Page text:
Imagine tapping an app to request a custom latte be delivered to your desk. Picture sensors that track oxygen levels in a conference room and matrix that information against outside weather to inform automatic ventilation systems. The capabilities of the internet of things (IoT) are vast.
Thanks to IoT, the extension of the web’s connectivity into physical devices and everyday objects, the workplace is getting smarter. For many, the transformation is already underway.
Today, around 26.6 billion devices like smartphones, laptops, and computers are connected to the internet. This is predicted to jump to roughly 80 billion internet-connected devices by 2025. In the workplace, it means increased productivity, higher efficiency, better forecasting, and improved agility for occupiers.
“Sometimes there seems no limit except time and budget in what clients can ask for, but the real game changers come back to designing and installing a future-proof building operating system that empowers the technology of today and tomorrow,” says Matthew Toner, Managing Director, Smart Buildings and IoT at CBRE.
Today’s IoT brings capability to optimize the utilization of space, match resource supply and demand, and target the delivery of amenities and services. It can also improve the culture, community, and cohesion of workspaces—all while providing valuable data and insights to inform a business and drive true value for real estate managers.
Below, we highlight some of the areas where IoT is enhancing the workplace experience.
Keeping spaces comfortable
Regulating temperatures for large spaces while keeping employees content has always been challenging. Thankfully, with the help of IoT devices like temperature, light and carbon dioxide sensors, this is becoming an outdated challenge. Through integrated HVAC systems, heating and cooling can be adjusted based on occupancy and utilized zones, which reduce energy costs and lower a building’s carbon footprint. In many cases, these systems learn the space’s preferred temperature through tracking consecutive manual adjustments and specific settings.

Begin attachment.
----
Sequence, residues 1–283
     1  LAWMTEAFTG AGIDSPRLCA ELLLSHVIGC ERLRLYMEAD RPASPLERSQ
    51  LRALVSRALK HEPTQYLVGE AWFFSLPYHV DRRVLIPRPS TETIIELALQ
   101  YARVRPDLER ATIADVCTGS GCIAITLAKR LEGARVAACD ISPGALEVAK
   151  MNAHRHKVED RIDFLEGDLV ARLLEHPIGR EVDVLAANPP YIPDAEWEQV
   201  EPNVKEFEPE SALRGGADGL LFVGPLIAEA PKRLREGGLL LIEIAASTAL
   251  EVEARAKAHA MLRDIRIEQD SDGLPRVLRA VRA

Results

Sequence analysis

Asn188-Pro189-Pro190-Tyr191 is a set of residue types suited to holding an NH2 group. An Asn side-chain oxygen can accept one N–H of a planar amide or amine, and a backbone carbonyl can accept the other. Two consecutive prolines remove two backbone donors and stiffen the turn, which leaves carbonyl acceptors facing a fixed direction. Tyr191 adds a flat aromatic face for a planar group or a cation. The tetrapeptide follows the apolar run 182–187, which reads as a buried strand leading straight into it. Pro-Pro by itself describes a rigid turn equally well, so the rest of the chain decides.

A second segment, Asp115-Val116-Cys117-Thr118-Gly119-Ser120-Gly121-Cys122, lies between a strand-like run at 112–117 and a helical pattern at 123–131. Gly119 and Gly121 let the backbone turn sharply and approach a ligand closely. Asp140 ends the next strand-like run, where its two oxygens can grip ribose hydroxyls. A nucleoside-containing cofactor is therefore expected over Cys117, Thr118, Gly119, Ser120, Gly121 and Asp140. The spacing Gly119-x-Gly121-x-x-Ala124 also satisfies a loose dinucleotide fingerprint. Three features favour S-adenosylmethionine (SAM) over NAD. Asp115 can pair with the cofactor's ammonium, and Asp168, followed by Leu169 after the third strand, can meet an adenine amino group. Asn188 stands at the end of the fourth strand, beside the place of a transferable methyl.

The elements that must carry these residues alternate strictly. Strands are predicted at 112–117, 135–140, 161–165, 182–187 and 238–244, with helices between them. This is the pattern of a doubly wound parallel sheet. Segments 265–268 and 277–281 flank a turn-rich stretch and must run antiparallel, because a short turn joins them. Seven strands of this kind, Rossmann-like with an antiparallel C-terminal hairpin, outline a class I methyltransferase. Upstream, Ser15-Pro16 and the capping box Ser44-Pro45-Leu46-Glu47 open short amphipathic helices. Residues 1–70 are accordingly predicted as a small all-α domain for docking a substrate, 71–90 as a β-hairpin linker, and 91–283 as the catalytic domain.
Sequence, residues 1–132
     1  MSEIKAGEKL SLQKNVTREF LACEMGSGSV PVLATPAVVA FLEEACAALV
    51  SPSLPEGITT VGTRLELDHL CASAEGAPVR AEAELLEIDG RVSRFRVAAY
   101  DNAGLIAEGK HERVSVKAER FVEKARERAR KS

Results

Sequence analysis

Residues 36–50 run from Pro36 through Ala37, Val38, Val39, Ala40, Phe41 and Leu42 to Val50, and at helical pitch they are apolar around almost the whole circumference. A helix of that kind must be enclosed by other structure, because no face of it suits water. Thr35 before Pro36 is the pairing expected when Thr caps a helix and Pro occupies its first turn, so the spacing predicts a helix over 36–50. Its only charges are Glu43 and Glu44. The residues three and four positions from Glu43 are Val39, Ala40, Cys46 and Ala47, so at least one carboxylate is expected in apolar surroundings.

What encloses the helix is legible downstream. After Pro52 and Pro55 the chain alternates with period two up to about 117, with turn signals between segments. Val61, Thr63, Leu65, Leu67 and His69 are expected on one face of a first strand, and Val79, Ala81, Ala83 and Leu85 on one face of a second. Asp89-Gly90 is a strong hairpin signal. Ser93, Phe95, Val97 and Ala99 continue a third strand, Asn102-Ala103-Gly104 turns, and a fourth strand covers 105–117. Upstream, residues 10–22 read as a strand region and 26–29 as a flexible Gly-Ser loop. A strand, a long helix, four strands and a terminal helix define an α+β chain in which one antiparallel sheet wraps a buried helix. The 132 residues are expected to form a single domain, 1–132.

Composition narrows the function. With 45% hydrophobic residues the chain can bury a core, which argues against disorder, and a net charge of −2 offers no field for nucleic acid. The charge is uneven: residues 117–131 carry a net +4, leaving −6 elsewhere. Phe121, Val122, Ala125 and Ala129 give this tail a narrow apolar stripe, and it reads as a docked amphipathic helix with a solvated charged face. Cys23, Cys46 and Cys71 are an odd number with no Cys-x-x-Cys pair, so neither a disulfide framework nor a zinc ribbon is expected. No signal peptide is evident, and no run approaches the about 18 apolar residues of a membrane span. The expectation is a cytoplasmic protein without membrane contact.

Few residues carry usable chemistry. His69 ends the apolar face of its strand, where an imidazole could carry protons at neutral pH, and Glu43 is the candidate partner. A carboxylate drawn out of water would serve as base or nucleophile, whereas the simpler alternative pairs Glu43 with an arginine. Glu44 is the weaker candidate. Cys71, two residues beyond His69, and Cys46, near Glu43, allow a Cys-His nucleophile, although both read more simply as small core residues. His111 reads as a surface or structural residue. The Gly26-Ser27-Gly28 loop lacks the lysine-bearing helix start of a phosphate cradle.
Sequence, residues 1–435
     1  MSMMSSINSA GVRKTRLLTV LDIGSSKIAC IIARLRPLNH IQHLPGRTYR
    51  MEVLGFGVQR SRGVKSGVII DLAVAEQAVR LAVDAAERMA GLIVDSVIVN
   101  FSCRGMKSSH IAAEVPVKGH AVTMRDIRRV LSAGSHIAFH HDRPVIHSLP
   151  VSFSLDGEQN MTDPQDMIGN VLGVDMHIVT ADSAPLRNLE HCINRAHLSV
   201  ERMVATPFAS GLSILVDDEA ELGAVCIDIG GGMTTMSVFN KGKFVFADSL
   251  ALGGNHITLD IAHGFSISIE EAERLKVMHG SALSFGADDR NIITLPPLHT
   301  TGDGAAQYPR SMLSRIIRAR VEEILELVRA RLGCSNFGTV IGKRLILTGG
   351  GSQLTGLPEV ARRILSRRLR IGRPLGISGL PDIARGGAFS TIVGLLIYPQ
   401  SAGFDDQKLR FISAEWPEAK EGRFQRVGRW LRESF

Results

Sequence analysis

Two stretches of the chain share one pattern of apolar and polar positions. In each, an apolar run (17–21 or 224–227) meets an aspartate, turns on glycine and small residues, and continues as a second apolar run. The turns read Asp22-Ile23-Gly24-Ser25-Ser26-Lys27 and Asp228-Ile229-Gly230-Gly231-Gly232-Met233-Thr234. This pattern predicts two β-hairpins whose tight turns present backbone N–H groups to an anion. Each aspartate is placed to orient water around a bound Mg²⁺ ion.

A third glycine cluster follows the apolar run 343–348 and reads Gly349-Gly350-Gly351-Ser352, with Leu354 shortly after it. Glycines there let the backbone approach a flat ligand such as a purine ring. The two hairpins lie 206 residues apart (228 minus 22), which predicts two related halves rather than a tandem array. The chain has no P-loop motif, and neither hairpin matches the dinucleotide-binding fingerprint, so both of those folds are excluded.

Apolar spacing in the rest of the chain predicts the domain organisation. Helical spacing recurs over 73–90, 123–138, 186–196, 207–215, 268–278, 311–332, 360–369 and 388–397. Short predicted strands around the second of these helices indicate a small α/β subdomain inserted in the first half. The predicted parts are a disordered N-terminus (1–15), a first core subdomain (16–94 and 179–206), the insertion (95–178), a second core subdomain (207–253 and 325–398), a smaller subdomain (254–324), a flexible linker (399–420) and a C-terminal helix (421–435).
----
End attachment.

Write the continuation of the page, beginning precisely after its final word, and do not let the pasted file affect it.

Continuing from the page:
Connecting employees to their environment
Many office workers can relate to the frustration of not being able to find the location of meeting rooms, or not finding one with availability. In fact, Gartner estimates that the average employee spends 27 hours per year looking for available spaces to meet. Offerings like CBRE Host, an experiential product suite that connects and optimizes people and spaces through tech-enabled services and community interactions, make the process easier. For example, Host’s app component can provide capabilities like turn-by-turn directions to an open conference room. Employees can also schedule meetings with colleagues, reserve workspaces, request food and beverage services, and access building repair and maintenance professionals.
Streamlining disjointed systems
Keeping workspaces operational and functional is always a priority for occupiers. Prior to the rapid advancements in IoT, buildings operated via fragmented systems. For instance, key building systems like security, HVAC, lighting and amenities typically worked within their own separate networks. With IoT connected devices, all these things can work together in an informed, streamlined ecosystem. Having IoT-connected devices can reduce wasted resources—human, financial, or actual assets.
“The goal here is to save where you can, so you can spend where you want. Clients work with us to bring their ideas to life, ensuring they are not beholden to any singular product or platform, and make their real estate align with today’s era of fast-paced, agile business mindsets,” says Toner.
Creating optimal results
While IoT initiatives can improve how we work, occupiers need experienced partners who can decipher and interpret some of the data that stems from connectivity.
Toner says, “Recognizing smart buildings are a trending topic today, our intent is to ensure we bring order, industry clarity, and value to our clients as digital transformations take hold within their often most prominent and highly impactful emanations of their brands—real estate.”